Teaching my horse to bow has been a learning process. I have been able to get him to go down onto one knee using treats but it was never consistent and I had no way to cue him to stay there. However, I have had no experience using ropes when teaching a horse to bow so I knew that I needed some training. Working with Cohn Livingston was extremely helpful and he showed me the steps to teach the bow using ropes. The horse has to have respect for the handler and be desensitized to the ropes first. Cohn started with a long, thick cotton rope at least 20 feet long. We wrapped his front left knee/leg with two polo wraps to protect him. Then he put two loose knots around the left front foot. The rope goes up over the withers (almost up in front of the withers, high up on the neck) and comes back under the belly. Having the rope up over the withers is where the pressure will push and create a “cue” for the bow. The end goal is to be next to the horse on the ground or on top of the horse, put pressure on the withers with your hand and have the horse bow.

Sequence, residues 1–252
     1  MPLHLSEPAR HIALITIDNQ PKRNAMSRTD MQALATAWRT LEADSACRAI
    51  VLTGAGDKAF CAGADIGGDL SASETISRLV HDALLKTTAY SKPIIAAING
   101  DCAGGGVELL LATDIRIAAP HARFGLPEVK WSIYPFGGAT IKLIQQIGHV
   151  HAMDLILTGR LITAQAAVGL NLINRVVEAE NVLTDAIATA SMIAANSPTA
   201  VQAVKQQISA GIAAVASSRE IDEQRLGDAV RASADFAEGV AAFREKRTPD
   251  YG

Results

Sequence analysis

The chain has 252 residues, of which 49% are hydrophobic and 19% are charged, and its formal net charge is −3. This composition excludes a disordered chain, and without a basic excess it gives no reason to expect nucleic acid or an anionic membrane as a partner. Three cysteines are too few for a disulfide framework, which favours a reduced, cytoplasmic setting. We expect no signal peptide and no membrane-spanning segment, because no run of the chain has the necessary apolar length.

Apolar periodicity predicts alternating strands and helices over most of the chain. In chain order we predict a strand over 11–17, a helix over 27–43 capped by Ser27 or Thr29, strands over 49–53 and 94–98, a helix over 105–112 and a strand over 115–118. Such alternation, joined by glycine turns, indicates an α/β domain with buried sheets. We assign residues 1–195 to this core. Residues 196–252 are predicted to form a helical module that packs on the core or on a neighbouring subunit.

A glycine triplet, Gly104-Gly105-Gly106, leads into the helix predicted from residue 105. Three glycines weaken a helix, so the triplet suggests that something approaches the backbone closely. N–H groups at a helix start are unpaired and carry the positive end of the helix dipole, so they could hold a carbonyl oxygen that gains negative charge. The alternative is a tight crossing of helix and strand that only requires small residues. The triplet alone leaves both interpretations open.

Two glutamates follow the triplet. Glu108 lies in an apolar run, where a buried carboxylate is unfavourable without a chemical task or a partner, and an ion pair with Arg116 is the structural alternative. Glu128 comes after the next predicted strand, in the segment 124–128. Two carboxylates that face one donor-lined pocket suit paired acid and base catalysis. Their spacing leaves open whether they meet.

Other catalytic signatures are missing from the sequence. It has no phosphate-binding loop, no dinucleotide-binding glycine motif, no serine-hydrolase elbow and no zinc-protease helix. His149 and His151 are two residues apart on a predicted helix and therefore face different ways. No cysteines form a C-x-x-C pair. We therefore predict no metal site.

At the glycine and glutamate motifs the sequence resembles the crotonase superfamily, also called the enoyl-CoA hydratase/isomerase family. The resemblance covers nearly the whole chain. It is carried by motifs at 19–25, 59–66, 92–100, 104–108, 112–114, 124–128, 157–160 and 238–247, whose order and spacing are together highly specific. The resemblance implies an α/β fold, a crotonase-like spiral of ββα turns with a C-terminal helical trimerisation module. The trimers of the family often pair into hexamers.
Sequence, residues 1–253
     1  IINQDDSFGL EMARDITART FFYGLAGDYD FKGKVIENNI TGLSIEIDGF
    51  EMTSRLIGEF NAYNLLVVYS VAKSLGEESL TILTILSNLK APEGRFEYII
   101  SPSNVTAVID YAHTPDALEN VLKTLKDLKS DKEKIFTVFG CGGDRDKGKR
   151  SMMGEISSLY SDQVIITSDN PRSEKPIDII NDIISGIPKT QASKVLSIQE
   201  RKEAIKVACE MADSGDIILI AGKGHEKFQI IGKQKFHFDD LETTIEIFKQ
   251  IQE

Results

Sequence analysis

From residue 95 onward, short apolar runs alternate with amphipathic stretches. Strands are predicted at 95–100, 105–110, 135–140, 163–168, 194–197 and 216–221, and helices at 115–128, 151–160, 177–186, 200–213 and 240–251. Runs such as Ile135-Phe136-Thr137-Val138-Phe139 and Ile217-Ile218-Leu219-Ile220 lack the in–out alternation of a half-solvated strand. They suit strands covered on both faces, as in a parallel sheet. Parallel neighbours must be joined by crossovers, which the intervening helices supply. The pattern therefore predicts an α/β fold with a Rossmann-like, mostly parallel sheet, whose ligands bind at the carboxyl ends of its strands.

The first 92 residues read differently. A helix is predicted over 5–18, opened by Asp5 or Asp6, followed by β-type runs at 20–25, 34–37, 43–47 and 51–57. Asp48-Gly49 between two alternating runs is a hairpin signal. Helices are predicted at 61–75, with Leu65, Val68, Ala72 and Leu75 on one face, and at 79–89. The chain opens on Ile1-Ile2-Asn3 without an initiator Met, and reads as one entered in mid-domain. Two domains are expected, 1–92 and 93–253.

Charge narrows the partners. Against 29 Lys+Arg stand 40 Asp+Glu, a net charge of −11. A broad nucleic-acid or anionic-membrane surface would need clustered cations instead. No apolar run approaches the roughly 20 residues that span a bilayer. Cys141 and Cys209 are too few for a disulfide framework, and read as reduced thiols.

Douwe took a long time to submit to the ropes and Cohn also had to loop the rope around his left hind foot to make him lose his balance a little bit. He also had to handle the lead line on his halter to keep him from turning in a circle. It took a lot of coordination and strength. The handler has to put enough pressure on the rope for the horse to yield to the pressure and lean down. Sometimes the horse will fight the rope by hopping around on three legs or he may rear. This is okay as long as the handler has good timing with the pressure and then the release. When the horse reacts in the right way by putting the head down and starting to bow you must release the rope pressure quickly and reward. However, you cannot stop the process until the horse actually goes into a full bow and holds it. The horse must give you the complete movement or it will be more difficult the next time you try it. The same goes for the pedestal. Make sure to set aside enough time so that you can finish the training session correctly. Douwe struggled a lot mentally because it is such a submissive movement. Cohn put enough pressure on him to actually lay him down. This can be really helpful for a horse like Douwe that is very strong and stubborn. Sometimes the horse will just lay down on their own once they are in the bowing position. In the first few sessions this is okay but eventually you will not want to lay down too much because it will be harder to get the bow because the horse will go all the way down.